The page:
Saturday, April 4, 2009

Six Degrees of the Library Collection - Dan Brown to Rawi Hage

In the spirit of the theory of six degrees of separation - that any two people in the world can be connected to one another through six relationships - we bring you what will become a semi-regular feature called “Six Degrees of the Library Collection”. You might be surprised how your favourite book can connect you to a wide world of reading.

The book and the film world will soon be abuzz with the release of the film adaptation of Dan Brown’s Angels and Demons. The first adventure of Da Vinci Code protagonist Robert Langdon, the film version will again star Tom Hanks in the lead role and is scheduled for release on May 15th. On his website, author Dan Brown gives fans a list of his favourite reads. One of the titles that he mentions is Kane and Abel by Jeffrey Archer, saying of it that “I was amazed how well Archer handled the long time spans without ever losing the narrative pulse”.

Jeffrey Archer is a well known British author and former politician. In 2001 he was sentenced to 4 years in jail for being found guilty of perjury in relation to a libel suit he had launched against a tabloid newspaper back in 1987 (he served 2 years).

Another author who has spent time in prison for something unrelated to controversy over their own writing is Indian author Arundhati Roy. Roy’s jail time was decidedly shorter and was a protest rather than a scandal: she served one day for contempt of court over her role in a protest against the building of a large dam in India. In the world of fiction Arundhati Roy is best known for her Man Booker Prize winning novel of life in India:The God of Small Things. This is Roy’s first and thus far, only, novel.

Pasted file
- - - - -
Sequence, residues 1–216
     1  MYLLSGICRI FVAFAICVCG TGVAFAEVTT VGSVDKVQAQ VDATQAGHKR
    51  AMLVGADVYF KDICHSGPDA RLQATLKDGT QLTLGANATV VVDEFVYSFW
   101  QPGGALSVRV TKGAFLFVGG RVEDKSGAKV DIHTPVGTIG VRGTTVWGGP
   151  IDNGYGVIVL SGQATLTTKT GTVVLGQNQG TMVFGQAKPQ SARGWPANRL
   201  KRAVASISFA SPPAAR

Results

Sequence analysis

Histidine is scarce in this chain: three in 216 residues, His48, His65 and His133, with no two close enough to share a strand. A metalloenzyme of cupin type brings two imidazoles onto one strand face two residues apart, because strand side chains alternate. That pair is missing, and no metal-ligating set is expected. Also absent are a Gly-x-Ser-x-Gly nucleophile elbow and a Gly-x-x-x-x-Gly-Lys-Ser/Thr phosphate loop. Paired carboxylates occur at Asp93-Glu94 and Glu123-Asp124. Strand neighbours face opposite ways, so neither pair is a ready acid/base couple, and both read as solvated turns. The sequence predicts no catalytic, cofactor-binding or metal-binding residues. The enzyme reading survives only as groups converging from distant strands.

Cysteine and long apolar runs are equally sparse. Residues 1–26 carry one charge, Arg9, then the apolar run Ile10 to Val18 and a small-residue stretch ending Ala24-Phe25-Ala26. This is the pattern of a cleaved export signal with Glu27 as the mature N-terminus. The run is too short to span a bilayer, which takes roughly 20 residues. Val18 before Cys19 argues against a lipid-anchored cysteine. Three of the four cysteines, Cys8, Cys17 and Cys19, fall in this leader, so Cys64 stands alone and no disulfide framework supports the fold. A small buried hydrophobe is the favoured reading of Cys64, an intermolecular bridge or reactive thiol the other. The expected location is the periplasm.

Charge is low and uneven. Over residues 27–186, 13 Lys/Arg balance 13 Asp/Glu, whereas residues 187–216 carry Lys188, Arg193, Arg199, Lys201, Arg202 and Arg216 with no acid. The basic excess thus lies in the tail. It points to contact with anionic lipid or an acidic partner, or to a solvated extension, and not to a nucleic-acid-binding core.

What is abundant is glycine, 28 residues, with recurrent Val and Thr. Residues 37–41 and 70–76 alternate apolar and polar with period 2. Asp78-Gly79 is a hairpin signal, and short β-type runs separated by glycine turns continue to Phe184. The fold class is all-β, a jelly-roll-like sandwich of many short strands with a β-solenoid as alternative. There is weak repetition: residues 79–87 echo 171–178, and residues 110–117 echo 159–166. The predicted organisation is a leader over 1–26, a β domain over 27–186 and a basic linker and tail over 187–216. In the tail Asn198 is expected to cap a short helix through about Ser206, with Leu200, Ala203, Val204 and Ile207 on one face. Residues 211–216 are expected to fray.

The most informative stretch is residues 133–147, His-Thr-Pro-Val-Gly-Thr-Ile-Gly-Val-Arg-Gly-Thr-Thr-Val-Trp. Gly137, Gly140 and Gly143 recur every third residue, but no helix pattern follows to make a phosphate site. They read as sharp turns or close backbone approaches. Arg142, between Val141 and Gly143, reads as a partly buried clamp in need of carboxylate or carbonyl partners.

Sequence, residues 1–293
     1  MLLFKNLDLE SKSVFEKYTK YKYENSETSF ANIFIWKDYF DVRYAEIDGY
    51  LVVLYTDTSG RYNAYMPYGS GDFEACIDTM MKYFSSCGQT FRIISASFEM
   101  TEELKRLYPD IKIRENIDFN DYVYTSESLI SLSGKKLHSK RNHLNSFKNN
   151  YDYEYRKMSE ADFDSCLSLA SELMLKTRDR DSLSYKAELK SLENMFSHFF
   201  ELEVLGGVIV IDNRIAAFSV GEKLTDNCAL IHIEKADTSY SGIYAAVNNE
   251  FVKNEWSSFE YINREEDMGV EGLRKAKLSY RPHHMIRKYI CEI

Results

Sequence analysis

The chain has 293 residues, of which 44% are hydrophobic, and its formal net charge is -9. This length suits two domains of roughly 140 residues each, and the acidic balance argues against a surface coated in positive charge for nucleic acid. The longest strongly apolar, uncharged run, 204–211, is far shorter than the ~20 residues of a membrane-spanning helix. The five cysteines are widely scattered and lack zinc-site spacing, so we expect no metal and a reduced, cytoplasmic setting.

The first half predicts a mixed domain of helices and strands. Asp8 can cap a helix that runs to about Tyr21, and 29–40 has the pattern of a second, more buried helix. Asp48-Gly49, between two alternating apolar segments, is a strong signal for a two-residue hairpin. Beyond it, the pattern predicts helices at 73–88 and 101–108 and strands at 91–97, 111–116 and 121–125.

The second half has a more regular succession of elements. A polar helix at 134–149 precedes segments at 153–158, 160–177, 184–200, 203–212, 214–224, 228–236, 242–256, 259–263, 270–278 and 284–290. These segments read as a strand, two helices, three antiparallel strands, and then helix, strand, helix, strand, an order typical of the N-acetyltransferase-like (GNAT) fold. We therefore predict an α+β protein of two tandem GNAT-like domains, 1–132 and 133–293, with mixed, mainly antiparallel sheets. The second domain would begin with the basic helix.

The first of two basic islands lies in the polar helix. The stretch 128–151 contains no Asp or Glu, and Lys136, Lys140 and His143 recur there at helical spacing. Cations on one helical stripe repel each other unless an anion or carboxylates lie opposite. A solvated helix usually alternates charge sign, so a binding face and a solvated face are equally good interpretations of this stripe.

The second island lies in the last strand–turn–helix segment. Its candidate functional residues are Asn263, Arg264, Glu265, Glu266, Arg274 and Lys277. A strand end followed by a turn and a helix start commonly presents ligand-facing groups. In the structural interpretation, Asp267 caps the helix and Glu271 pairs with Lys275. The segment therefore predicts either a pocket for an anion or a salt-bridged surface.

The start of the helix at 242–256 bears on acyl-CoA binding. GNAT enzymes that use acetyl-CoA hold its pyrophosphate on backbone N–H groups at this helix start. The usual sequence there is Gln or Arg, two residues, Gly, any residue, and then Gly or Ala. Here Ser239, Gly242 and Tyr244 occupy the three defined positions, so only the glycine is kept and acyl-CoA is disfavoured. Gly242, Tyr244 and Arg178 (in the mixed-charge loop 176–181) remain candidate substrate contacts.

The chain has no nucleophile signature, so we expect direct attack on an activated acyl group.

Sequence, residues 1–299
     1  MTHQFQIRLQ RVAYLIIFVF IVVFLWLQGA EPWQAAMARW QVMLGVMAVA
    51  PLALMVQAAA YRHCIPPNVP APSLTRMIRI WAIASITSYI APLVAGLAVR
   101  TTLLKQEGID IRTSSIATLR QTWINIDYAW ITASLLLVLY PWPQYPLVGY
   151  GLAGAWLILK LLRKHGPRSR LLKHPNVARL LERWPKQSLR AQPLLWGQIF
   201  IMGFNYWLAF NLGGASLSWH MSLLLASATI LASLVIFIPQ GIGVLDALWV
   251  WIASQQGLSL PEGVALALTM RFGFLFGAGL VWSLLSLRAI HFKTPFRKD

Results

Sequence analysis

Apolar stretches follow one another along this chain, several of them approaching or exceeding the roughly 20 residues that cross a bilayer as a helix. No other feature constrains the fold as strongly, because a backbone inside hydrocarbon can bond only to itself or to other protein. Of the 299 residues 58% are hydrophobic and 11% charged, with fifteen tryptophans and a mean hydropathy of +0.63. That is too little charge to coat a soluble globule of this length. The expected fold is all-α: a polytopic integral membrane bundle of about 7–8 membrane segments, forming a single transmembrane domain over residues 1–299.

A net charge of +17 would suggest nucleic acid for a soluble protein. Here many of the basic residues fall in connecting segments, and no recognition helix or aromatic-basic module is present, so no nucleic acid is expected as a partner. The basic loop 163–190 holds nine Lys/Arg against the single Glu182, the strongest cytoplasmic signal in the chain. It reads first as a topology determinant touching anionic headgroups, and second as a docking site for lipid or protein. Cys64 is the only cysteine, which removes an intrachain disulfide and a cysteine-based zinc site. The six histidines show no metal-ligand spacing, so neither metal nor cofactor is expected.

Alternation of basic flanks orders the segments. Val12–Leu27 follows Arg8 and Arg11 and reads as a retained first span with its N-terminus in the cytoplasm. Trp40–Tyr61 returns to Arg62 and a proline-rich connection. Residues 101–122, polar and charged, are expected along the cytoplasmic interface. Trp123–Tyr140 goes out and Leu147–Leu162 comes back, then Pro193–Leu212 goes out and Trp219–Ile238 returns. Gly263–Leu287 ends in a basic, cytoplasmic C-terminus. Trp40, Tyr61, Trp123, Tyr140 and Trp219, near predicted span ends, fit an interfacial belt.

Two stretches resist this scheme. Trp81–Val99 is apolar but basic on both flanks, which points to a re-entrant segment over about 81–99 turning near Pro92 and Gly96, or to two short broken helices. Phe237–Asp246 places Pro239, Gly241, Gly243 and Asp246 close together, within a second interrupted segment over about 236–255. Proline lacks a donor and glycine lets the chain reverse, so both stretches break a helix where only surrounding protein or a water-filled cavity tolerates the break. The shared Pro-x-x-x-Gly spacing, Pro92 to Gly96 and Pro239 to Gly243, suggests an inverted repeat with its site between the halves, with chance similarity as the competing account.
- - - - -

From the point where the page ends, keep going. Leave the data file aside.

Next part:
The Man Booker has gone to first novelists four times. The only other time it has gone to a book which is still the author’s only novel was in 1985 when the prize went to New Zealand author Keri Hulme for her novel of the Maori people of New Zealand: The Bone People. Keri Hulme was born in Christchurch, New Zealand but her ancestry is of mixed Maori, English and Orkney Island Scottish.

Probably the most famous Orkney Island writer is George MacKay Brown. Born in 1921 in Stromness he is known as the “bard of Orkney”. His fiction and poetry celebrates the culture and lifestyle of these small northeastern Scottish Islands and he is best known for his novel Greenvoe which depicts a challenge to that way of life by outside forces.

Another author who has been praised for his realistic depiction of island life - this time our own island of Cape Breton - is Alistair MacLeod. Born in Saskatchewan but raised in Cape Breton, MacLeod’s writing includes short stories and a novel which all bring the way of life of Cape Breton into focus. In 2001, MacLeod won the International Dublin IMPAC Award, a major fiction prize, for No Great Mischief.

The IMPAC award has been given to one other Canadian since it’s inception in 1996. Last year, Rawi Hage won the prize for his novel of friendship and struggle in war-torn Beiruit - De Niro’s Game.

1 comment:

  1. Just discovered this collection of posts - love the idea! Lots of good reads by the looks of things, love how you went from such a blockbuster book like Angels and Demons to Canadian authors who are lesser known. Looking forward to the next one!